Has God called you to pastoral ministry? Three essential elements help answer this question:
- Internal call
- Manifest approval by God’s people
- Confirmation of the church.
1. The Internal call
Any man seeking to enter the ministry should have an internal sense that God has called him to be a pastor (Gal. 1:1; Eph. 1:1). One must feel that burden, that tug of the heart, that nagging, piercing prod from the Lord that he has indeed been called to this holy task. Some will have a stronger sense of calling than others. That shouldn’t discourage. Some lean more toward introspection, and doubt can quickly enter their minds. Others have seemingly always known that God called them to labor as pastors. Whether one doubts or is supremely confident in his internal call, the other two essential elements of discernment are necessary and helpful.
For the doubter, the other elements reassure him of the call on his life. For the supremely confident, these elements help by either confirming his certainty or providing the necessary outside voice against his perceived calling.
2. Manifest Approval by God’s People
Simply sensing an internal call does not provide sufficient evidence of God’s call on one’s life. There also must be an external call, which is provided by those within the church (the people of God) and by the church herself (through the offer of a formal call). The people of God must agree that he possesses the gifts and biblical qualifications for the ministry (1 Tim. 3; Titus 1). Do those who sit under his teaching, preaching, and leading attest with approval that they see these gifts in the young man? Have others in the local church benefited from his ministry? Has fruit been borne?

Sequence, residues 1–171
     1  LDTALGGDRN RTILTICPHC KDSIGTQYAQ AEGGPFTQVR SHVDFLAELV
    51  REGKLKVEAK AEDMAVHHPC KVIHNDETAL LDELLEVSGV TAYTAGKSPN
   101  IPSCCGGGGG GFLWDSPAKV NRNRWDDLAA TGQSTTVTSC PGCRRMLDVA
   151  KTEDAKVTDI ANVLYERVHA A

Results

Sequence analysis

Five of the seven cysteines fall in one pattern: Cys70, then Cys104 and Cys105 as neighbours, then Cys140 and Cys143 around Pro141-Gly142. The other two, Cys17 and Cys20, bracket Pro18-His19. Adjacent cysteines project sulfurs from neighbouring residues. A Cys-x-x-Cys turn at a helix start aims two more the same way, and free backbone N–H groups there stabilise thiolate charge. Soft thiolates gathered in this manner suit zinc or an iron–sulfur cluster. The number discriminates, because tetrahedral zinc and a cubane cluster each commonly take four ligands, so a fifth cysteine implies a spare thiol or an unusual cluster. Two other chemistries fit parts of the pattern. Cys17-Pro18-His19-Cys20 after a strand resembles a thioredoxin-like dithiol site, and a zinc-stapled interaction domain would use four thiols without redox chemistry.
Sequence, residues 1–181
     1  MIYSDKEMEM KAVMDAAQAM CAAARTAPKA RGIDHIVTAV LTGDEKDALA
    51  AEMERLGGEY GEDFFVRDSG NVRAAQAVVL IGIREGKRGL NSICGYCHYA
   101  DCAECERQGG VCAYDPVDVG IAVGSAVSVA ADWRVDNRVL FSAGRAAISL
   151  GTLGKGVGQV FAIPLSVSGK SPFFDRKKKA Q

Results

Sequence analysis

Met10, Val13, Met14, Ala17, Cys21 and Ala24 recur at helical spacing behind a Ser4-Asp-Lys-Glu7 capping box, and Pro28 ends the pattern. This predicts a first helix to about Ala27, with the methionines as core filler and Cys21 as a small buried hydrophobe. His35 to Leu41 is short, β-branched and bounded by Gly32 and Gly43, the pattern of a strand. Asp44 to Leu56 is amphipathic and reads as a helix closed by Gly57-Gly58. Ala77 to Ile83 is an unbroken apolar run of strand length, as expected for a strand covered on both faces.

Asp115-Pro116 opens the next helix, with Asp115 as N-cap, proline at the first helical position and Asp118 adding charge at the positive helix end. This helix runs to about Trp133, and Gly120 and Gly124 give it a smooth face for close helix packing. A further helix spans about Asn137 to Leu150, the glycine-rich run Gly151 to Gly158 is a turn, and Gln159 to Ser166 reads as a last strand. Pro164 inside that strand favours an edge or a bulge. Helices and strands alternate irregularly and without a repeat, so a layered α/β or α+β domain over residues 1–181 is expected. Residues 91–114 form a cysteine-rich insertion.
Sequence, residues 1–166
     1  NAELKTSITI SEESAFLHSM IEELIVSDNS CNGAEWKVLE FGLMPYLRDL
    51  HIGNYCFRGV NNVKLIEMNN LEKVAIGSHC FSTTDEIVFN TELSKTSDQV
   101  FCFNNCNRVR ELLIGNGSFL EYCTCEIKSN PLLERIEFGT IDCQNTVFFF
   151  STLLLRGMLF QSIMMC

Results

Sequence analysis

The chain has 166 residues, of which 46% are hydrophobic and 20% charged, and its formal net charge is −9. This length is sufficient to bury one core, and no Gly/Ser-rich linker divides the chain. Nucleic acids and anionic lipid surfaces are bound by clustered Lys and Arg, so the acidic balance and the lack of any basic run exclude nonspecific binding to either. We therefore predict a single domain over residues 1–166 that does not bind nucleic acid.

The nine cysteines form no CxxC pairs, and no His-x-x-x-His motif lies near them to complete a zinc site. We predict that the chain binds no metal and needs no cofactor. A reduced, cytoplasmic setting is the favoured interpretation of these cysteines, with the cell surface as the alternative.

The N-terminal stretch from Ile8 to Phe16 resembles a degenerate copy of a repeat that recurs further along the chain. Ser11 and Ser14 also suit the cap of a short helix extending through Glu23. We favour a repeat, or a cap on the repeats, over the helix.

3. Confirmation of the Church
The final confirmation comes in the form of the courts of the church (local congregation, elders, presbytery, etc.) who, by extending a formal call, confirm that they also believe he possesses the gifts and qualifications for a pastor (Acts 15; Titus 1:5–9). The church confirms the internal call and the approbation of God’s people.
A legitimate call manifests itself both internally and externally. It is not enough to have a sense that one is called if no one else confirms it. Neither is it sufficient that a group of individuals or even a church believes a man has the gifts if he senses no call of God on his own life.
Often, during difficult seasons of ministry, I reflect back on the internal call I sensed in those seminary days. But even more so, I look back to the approbation of his people and the formal call I received from a church court (local congregation and presbytery) as confirmation of God’s calling on my life. The internal call wasn’t a figment of my imagination; others also believed it to be true.
As MRN, we are prayerfully hopeful that the Lord will help us find men with such a call upon their lives, men of character, who have some sense of an inward call. As an organization, we desire to come alongside of these young candidates for ministry with a desire to help prepare them for the rigors of ministry and eventually to receive that external call by a court of the church.
*This article has been adapted from a book authored by Pastor Jason Helopoulos and published by Baker Publishing entitled, The New Pastor’s Handbook: Help and Encouragement for the First Years of Ministry
Pastor Jason Helopoulos